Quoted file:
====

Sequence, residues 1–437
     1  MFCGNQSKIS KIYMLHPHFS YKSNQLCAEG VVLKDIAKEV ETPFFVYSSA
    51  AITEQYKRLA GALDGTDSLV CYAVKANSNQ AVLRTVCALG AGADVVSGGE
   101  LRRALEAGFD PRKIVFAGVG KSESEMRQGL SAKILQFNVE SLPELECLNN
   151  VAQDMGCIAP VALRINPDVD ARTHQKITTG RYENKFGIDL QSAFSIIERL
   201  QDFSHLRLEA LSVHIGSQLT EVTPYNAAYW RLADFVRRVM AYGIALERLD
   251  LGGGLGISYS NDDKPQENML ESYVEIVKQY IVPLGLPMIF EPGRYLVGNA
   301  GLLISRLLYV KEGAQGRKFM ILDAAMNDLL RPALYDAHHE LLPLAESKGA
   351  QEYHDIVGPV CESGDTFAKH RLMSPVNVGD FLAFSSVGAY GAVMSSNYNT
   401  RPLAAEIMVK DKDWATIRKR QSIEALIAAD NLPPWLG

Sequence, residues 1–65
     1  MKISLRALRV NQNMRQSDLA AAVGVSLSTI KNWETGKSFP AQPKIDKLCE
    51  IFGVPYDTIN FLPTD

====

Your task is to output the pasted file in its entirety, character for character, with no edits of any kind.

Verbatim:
Sequence, residues 1–437
     1  MFCGNQSKIS KIYMLHPHFS YKSNQLCAEG VVLKDIAKEV ETPFFVYSSA
    51  AITEQYKRLA GALDGTDSLV CYAVKANSNQ AVLRTVCALG AGADVVSGGE
   101  LRRALEAGFD PRKIVFAGVG KSESEMRQGL SAKILQFNVE SLPELECLNN
   151  VAQDMGCIAP VALRINPDVD ARTHQKITTG RYENKFGIDL QSAFSIIERL
   201  QDFSHLRLEA LSVHIGSQLT EVTPYNAAYW RLADFVRRVM AYGIALERLD
   251  LGGGLGISYS NDDKPQENML ESYVEIVKQY IVPLGLPMIF EPGRYLVGNA
   301  GLLISRLLYV KEGAQGRKFM ILDAAMNDLL RPALYDAHHE LLPLAESKGA
   351  QEYHDIVGPV CESGDTFAKH RLMSPVNVGD FLAFSSVGAY GAVMSSNYNT
   401  RPLAAEIMVK DKDWATIRKR QSIEALIAAD NLPPWLG

Sequence, residues 1–65
     1  MKISLRALRV NQNMRQSDLA AAVGVSLSTI KNWETGKSFP AQPKIDKLCE
    51  IFGVPYDTIN FLPTD